Getting all team members to shift gears gracefully and adopt the new ERP system is not automatic. People are not convinced by the software itself, and typically, you’ll have team members who are apprehensive about learning and using the new software.
Given that ERP does change the way work is done in order to make it more efficient, these apprehensions are understandable. But the danger is that they can negate your ERP’s benefits and functionality if they cause end users to cling to old work habits.
5. The ERP implementation becomes too demanding
Frequently, inexperienced ERP project teams end up realizing somewhere in the middle of the onboarding process that they’re in over their heads. The ERP project gets too difficult, it doesn’t meet expectations and still unclear is what teams will get out of the software. After sinking money and time into a half-done job, the organization determines the ERP system is not right for them.
Worse, they continue with the ERP system and get suboptimal results until they decide to implement another ERP solution. At which point they’re liable to repeat the same mistakes.
As it turns out, there is an underlying reason as to why these problems keep coming up.
So, what is the connector between these issues?
The root cause of ERP implementation failure
Even shrewd business leaders can miss that the root issue spoiling the whole crop is a psychological one.
Most times, ERP implementation fails due to the clash between our desire for things to get better and our natural inclination to keep working the way we’re used to.
Often, people champion progress with a new ERP system, but they don’t realize the shifts in work dynamics it requires to get the improvements in their workflows. Not uncommonly, ERP is seen as a largely back-office function with no immediate relationship to the day-to-day work and processes. But of course, ERP doesn’t solve problems in and of itself. It streamlines business processes and improves the efficiency with which you perform them.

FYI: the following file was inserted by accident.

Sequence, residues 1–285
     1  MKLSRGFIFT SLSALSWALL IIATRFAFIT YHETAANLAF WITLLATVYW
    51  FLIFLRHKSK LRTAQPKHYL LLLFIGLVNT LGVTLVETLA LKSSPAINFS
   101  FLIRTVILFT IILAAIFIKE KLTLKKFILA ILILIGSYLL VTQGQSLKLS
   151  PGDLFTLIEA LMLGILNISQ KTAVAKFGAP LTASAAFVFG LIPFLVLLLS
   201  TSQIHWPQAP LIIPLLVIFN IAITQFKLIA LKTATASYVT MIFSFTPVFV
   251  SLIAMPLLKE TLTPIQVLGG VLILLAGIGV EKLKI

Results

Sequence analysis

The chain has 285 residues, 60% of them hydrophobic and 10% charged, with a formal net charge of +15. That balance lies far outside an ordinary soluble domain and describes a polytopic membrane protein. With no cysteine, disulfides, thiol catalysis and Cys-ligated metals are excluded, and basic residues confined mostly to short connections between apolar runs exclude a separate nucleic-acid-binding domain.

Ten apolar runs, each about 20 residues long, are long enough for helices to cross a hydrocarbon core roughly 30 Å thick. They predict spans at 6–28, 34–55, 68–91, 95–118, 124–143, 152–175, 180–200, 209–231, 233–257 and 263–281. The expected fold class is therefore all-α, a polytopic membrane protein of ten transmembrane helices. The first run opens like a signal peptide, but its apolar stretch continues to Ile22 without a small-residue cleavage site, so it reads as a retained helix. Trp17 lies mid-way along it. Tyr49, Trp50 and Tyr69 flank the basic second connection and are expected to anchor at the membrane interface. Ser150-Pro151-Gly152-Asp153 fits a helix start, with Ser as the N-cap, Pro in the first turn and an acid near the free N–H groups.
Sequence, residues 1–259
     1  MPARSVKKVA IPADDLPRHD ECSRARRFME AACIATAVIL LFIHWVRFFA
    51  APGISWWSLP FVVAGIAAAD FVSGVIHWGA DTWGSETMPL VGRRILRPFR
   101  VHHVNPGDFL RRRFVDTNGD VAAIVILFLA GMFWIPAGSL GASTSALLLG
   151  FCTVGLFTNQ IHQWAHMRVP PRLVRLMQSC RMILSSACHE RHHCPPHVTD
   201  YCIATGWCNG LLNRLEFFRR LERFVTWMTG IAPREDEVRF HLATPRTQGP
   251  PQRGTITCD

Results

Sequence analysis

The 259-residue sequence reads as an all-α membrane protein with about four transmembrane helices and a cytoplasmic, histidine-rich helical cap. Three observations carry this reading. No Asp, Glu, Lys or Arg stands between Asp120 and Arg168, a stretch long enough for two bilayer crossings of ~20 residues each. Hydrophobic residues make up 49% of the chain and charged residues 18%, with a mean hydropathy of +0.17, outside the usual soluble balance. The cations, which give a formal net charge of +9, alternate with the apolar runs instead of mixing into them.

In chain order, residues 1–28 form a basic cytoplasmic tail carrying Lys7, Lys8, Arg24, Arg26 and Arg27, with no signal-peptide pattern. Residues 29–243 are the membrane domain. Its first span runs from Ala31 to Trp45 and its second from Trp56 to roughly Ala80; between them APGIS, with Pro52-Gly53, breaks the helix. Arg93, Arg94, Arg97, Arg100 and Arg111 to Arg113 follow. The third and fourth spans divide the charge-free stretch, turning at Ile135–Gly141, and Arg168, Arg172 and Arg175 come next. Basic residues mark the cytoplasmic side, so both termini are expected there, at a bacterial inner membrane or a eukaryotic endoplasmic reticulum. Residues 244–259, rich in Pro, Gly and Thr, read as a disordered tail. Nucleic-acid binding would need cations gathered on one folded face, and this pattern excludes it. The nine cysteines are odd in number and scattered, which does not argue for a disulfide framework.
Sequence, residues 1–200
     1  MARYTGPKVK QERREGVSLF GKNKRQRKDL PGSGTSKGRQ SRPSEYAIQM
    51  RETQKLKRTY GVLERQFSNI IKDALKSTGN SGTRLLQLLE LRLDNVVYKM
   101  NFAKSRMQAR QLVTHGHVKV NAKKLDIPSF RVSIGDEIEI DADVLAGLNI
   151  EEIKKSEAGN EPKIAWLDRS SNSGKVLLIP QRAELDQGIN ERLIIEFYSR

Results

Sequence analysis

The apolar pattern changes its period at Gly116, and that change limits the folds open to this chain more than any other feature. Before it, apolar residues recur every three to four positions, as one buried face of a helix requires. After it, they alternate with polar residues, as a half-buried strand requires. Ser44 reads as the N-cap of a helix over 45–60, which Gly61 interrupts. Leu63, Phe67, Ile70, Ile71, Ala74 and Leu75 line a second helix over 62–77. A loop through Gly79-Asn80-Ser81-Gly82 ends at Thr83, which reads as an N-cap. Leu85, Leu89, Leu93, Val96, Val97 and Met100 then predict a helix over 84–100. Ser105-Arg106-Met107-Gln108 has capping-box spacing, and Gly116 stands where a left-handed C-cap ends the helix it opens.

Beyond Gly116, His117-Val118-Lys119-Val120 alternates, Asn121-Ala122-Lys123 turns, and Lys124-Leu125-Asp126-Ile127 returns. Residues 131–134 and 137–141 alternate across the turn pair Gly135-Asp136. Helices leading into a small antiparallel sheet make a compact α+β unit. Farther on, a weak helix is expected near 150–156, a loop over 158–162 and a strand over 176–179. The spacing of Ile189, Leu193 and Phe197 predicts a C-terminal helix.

It can be difficult to get everyone on board if they don’t understand how the new ERP changes their work and what it means for their personal futures within the company. ERP automates a lot of manual tasks. And while that makes employees’ lives easier, the word “automation” can spark fears of redundancy or an inability to learn and acclimate to the software.
Sometimes, too-rigid thinking can cause members of management to unintentionally block necessary changes from taking place. Especially if they don’t have a clear view of the larger goals of the project, or if they don’t have leadership’s blessing to make decisions, they can box themselves in with unnecessary rules and hold onto old work patterns that neither fit into the way the ERP works nor serve the organization’s goals.